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One-Third of FTSE Execs Consider Quitting Jobs, says finance survey

One-third of executives who work for companies contained in the FTSE 350 Index

One-third of executives who work for companies contained in the FTSE 350 Index started considering leaving their positions within 90 days of taking the job, according to a finance survey.

The poll, which was conducted by a global recruitment consultancy and involved close to 300 senior executives working at firms contained in the FTSE 350 as well as other large corporations, stated that another one-third of participants have plans to remain for less-than one year or are currently looking for their next position, The Telegraph reports.

Improper information

The results of the survey bring the efficacy of existing executive recruitment practices into question, with these top officials frequently being provided with overly-rosy descriptions of their new positions to entice them to join the organizations, according to the news source.

Bad fit

Nearly 40 percent of executives want to leave their new job within the first 90 days because they dislike it so much, The Financial Times reports. Since a lot of them believe they have been provided a depiction of their current role that was either inaccurate or was lacking information, they feel that they do not fit in.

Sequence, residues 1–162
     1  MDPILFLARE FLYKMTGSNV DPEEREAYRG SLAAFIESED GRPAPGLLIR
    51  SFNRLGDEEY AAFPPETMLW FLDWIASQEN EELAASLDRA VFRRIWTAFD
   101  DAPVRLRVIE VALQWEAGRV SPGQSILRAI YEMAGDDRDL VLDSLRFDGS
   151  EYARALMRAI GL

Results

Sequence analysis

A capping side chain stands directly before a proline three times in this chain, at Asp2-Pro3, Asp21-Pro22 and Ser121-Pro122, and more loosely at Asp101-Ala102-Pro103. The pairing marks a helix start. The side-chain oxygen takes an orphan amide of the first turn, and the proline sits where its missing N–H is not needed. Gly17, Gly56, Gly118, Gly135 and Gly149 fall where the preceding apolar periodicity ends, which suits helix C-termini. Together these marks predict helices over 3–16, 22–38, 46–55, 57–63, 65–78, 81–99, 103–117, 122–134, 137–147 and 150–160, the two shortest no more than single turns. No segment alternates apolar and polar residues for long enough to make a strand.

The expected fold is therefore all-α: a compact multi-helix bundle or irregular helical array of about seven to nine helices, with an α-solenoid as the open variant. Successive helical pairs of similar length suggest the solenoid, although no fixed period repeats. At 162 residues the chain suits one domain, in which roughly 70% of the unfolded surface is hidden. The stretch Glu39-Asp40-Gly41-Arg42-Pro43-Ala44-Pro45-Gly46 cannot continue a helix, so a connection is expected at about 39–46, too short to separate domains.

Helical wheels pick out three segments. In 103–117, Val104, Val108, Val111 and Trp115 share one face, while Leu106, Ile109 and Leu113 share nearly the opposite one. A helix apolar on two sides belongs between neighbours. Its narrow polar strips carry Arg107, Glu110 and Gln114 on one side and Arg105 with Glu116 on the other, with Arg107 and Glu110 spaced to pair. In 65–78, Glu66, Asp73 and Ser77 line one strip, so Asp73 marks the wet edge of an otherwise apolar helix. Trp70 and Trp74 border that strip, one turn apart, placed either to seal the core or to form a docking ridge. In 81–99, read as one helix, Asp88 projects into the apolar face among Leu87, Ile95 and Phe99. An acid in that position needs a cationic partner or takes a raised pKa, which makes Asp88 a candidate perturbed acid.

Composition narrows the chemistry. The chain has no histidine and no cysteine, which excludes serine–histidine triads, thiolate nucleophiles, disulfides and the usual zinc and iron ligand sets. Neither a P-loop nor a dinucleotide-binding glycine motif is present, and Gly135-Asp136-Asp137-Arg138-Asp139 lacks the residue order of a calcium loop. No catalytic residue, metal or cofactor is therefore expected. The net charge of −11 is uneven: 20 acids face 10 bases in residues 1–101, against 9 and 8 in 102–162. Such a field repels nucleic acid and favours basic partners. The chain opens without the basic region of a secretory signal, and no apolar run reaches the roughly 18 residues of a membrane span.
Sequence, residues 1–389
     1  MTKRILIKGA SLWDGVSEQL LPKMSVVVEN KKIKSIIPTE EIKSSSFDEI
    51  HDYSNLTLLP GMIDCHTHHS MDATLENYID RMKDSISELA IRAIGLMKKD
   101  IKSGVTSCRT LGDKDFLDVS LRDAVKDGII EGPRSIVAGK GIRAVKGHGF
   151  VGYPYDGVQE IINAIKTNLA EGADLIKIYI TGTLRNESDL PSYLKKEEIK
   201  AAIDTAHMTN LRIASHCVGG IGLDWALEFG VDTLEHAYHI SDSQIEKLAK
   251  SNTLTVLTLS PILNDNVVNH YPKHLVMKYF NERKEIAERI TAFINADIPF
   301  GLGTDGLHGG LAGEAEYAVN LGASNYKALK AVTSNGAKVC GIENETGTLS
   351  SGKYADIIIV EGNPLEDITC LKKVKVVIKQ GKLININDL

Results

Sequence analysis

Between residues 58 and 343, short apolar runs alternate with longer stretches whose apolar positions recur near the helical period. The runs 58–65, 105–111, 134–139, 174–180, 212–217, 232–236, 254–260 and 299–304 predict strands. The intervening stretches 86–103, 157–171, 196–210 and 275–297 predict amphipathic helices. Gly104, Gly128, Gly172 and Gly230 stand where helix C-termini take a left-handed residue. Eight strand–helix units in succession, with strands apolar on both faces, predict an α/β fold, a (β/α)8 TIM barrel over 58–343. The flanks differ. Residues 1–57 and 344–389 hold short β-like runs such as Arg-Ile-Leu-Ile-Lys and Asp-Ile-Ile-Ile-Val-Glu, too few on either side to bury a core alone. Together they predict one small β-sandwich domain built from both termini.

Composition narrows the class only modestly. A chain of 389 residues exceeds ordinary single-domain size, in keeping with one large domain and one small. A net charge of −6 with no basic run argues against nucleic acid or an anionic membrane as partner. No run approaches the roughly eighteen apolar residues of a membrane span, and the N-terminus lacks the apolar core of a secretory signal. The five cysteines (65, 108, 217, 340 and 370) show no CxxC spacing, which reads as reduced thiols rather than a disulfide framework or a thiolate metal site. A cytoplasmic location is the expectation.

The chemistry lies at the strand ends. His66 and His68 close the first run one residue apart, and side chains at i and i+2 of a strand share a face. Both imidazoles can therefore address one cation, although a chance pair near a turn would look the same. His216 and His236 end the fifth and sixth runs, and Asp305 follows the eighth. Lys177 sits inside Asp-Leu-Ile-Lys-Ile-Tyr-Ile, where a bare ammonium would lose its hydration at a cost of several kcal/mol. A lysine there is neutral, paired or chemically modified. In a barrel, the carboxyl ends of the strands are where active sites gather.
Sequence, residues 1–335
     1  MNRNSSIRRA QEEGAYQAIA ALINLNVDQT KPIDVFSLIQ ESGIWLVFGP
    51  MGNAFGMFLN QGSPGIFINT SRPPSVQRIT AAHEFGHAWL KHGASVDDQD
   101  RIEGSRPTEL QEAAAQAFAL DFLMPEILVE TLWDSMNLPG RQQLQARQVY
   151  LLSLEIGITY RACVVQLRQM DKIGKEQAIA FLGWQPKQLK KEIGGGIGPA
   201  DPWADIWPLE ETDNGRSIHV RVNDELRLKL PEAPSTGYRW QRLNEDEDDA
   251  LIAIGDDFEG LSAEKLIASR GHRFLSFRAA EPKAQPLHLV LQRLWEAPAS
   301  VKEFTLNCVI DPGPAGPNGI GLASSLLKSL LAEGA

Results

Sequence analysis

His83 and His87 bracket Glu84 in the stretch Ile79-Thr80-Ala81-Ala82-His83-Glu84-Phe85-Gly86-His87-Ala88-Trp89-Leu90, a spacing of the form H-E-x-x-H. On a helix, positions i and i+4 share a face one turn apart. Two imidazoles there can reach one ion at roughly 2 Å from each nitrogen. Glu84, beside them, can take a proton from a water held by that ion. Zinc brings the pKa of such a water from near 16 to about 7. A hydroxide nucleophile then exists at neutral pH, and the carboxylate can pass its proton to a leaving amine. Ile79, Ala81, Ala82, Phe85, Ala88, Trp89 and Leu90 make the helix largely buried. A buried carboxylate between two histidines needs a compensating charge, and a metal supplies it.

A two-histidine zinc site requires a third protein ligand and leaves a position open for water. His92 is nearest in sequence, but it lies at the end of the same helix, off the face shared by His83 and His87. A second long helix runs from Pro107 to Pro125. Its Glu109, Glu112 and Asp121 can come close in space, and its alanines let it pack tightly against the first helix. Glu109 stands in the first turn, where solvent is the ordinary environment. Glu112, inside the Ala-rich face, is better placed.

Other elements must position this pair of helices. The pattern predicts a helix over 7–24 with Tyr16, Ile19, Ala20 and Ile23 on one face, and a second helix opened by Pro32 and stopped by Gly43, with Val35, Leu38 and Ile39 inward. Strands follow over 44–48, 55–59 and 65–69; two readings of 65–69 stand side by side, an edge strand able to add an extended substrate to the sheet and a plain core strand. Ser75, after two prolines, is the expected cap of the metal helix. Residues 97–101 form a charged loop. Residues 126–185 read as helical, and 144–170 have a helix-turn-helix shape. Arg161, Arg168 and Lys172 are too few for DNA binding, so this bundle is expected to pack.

"Part of the problem may be a misrepresentation of both the business and the role in the wooing process that is executive selection," the report stated, according to The Telegraph. One-quarter stated that their role was not described adequately when they interviewing, and only 20 percent stated that the position was in line with their expectations.

The poll found that in addition to the people who are desirous to leave within either one year or 90 days, 73 percent have plans to leave their organization within three years, according to The Financial Times. Only 24 percent indicated that the way they started out at the company was very helpful, and participants indicated that they could have experienced 50 percent more productivity on the average if their start at the new company was more-effectively organized.

Lucy McGee, director of leadership services at Harvey Nash, said that "the quality of the first 90 days for an executive, and how well they are introduced into the organisation, are crucial to their long-term success and productivity in the business," The Telegraph reports.

She added that "but executives are all too often left to sink or swim. To be effective they need a clear understanding of what they’ll be measured on and how best to work with their boss.